This week, Philadelphia Mayor Michael Nutter signed the Fair Criminal Record Screening Standards Ordinance (the "Ordinance"). This “ban the box” legislation is designed to limit Philadelphia employers’ ability to request applicants’ criminal history information in the initial steps of the hiring process.
- Who is Covered? The Ordinance covers any person, corporation, company, labor organization or association that employs 10 or more persons within the City of Philadelphia.
- What Inquiries Are Prohibited? Employers cannot inquire (directly or indirectly) about an applicant’s criminal convictions at any time during the application process, before the first interview, or during the first interview. Notably, an employer that does not conduct an interview is prohibited from making any inquiries or gathering any information regarding the applicant’s criminal convictions.
- What Inquiries Are Allowed? The Ordinance does not prohibit employers from making hiring decisions based upon criminal conviction history; however, such inquiries must be delayed until a second interview (or as part of a post-conditional offer criminal history check). Additionally, if an applicant voluntarily discloses his or her own criminal history during the application process or the first interview, the employer then is permitted to discuss the disclosed information.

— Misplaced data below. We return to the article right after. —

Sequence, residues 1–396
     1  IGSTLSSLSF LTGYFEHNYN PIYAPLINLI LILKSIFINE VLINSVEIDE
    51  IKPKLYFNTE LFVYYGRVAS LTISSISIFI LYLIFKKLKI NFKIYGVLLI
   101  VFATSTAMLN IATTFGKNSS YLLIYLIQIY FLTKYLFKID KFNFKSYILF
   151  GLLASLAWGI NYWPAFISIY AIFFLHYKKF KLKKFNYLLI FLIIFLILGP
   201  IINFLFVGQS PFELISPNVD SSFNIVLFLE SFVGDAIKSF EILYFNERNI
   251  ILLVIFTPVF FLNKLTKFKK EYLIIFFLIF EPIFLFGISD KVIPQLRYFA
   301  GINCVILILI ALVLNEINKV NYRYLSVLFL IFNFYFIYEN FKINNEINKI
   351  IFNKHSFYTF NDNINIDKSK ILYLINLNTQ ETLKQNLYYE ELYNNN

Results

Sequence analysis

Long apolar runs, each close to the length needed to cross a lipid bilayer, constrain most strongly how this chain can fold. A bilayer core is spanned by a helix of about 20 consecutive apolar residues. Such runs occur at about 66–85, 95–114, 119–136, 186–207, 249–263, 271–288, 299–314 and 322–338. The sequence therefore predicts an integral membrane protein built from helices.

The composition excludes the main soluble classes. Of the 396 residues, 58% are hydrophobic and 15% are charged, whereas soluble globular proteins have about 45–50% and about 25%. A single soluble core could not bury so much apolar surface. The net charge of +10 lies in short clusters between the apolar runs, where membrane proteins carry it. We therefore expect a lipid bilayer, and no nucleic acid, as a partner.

- What is the Penalty for Violations? Violations of the Ordinance can result in the assessment of a maximum civil penalty of $2,000 per violation.
The Ordinance becomes effective on July 17, 2011. If you are an employer with 10 or more employees within the City of Philadelphia, now is the time to review your application and interview materials to ensure compliance with the new Ordinance. In addition, employers should remain aware of their obligations under Pennsylvania’s Criminal History Record Information Act, which permits consideration of felony and misdemeanor convictions only to the extent that they impact an individual’s suitability for the position in question. The Act also requires employers to give a rejected applicant written notice that the criminal conviction was used in whole or in part as the basis for the employment decision.